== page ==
• Heavy metals: Metal ions can combine with –SH moieties of protein and produces denaturation. This property of metal ions of silver, gold, copper, mercury and zinc makes them a good sterilizing agent.
  • Halogens: Halogens such as chlorine and iodine can combine either combine with the amino acids or can result in the production of acids such as hypochlorous acids which inhibit microbial growth. Chlorine is frequently used in disinfecting water.
  • Organic acids: Organic acid such as benzoic acid, sorbic acid, parabens, calcium propionate, etc are used to inhibit the growth of molds. These acids inhibits the enzyme activity and metabolic activity of mold. They are used for the preservation of food.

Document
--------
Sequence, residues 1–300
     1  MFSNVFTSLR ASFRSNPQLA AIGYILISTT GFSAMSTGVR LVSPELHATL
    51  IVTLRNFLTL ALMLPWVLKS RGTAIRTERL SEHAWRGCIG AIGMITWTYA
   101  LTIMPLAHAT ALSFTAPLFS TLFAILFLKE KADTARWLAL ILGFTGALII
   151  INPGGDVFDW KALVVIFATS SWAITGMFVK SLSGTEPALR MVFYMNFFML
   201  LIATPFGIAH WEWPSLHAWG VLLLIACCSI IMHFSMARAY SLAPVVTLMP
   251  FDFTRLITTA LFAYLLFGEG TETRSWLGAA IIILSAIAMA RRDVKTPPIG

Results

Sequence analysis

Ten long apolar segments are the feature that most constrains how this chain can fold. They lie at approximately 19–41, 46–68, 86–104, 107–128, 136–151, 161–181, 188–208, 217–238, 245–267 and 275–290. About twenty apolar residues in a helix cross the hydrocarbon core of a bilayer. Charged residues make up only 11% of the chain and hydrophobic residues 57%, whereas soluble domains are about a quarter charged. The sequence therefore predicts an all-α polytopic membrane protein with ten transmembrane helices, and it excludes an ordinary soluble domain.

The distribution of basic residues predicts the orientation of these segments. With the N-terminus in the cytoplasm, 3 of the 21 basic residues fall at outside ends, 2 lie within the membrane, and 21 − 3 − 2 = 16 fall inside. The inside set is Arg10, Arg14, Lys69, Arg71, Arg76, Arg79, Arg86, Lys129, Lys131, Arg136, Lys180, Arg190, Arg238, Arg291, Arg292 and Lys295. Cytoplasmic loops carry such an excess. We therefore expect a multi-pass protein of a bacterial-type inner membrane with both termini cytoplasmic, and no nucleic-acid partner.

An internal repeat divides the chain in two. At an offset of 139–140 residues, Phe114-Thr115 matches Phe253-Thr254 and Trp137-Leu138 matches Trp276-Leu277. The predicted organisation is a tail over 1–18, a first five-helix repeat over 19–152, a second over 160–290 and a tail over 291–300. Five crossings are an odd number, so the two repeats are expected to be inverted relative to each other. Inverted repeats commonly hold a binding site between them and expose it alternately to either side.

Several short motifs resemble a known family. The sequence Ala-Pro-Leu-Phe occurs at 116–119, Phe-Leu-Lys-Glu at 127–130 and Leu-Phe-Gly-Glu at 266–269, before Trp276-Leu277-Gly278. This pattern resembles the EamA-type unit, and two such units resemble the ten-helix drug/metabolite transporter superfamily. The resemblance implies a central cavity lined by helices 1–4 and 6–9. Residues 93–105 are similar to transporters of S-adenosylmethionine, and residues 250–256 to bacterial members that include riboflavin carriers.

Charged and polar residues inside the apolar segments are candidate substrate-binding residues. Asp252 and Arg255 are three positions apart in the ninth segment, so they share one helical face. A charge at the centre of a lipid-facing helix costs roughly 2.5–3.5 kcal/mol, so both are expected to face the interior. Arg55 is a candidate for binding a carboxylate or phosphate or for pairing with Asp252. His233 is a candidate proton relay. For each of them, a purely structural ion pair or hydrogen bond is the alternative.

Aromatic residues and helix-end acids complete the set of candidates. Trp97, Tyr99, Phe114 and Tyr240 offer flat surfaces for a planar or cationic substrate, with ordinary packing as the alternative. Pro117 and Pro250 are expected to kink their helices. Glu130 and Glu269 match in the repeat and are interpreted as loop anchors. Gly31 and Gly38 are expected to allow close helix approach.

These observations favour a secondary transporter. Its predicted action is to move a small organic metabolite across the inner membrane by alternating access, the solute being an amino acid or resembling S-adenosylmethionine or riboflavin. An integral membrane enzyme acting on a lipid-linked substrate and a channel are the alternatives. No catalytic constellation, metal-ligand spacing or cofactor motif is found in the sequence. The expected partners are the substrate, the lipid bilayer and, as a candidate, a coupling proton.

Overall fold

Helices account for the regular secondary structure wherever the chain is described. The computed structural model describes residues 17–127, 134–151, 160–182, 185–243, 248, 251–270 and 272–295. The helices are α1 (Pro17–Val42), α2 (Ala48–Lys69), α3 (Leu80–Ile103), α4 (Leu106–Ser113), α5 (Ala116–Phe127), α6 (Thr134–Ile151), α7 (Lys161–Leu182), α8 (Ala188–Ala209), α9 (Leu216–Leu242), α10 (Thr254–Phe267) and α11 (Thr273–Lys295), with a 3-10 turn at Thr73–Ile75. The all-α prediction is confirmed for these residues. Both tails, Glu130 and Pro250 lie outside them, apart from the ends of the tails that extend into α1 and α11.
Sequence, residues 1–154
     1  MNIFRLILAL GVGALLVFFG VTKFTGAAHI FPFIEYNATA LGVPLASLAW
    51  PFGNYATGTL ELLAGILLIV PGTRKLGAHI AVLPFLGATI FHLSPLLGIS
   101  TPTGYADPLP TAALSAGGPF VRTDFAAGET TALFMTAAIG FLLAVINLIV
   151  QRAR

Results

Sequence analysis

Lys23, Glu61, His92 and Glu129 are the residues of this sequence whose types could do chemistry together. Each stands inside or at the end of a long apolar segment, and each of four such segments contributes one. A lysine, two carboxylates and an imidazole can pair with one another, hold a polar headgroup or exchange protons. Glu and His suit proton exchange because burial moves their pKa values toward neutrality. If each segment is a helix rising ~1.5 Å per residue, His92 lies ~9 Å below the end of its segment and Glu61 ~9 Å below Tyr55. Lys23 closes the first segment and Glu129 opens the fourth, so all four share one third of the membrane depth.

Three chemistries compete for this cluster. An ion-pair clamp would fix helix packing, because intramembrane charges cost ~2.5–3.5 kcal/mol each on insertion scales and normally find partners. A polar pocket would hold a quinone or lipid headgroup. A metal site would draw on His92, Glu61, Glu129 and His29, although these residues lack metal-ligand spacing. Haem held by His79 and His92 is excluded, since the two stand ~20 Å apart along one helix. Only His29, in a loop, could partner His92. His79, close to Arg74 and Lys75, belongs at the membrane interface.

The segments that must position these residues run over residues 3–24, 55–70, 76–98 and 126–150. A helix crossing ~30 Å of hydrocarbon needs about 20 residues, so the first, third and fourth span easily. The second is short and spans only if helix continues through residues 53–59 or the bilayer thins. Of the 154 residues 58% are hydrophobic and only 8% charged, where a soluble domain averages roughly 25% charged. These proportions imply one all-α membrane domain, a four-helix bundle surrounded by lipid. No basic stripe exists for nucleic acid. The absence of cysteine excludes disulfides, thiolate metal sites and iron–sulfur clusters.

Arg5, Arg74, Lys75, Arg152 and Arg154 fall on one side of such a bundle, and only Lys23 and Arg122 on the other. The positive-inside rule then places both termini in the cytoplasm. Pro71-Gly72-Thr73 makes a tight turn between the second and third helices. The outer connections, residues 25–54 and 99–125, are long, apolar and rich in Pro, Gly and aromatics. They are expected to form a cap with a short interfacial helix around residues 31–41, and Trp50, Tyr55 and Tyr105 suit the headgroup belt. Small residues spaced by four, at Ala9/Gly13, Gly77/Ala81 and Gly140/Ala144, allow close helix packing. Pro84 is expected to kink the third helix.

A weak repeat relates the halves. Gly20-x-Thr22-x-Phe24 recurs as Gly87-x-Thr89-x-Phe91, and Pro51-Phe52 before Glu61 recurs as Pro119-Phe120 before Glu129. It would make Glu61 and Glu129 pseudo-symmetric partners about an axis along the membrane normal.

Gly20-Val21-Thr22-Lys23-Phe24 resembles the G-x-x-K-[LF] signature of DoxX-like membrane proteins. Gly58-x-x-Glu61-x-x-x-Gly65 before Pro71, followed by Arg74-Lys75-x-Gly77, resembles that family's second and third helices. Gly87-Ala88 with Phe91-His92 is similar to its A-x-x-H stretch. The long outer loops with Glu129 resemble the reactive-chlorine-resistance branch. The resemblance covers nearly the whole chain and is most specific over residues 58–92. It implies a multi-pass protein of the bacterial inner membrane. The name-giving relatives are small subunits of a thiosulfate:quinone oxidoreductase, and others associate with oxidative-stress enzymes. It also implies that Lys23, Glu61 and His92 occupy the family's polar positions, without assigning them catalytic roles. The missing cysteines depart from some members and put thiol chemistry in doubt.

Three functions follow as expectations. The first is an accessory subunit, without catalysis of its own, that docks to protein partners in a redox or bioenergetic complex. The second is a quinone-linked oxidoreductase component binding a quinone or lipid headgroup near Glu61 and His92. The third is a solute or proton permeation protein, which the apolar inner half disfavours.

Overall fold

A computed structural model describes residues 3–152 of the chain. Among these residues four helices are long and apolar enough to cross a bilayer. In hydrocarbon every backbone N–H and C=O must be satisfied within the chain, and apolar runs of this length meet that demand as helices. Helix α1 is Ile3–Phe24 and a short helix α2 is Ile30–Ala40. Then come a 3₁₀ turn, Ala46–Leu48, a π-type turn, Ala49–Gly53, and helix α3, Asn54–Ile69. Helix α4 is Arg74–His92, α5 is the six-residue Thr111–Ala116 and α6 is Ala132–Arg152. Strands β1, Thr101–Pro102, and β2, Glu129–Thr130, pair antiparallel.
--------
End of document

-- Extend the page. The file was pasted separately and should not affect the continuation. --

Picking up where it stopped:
• Oxidizing agents: Ozones and peroxides can oxidize the cellular components of the microorganisms and inhibit their growth. Ozone is not widely used. Peroxides can be used for sterilizing purposes in hospitals and in houses, for aspetic packaging in food industries, and the medicaments.
  • Phenols and phenolics: Phenol is the early-most compound used for sterilization. Being irritating and having an unpleasant odour, some of the derivatives of phenols like o-phenylphenol and hexachlorophene are now widely used in soaps, antiseptics and disinfectant preparations.
  • Quaternary ammonium salts (QUATS): QUATS have strongbactericidal properties against gram-positive bacteria while little activity against gram-negative bacteria. It is active against amoeba, fungus, viruses and bacteria. They alter the membrane permeability of microorganism and produces effects. It cannot kill mycobacterium and endospores.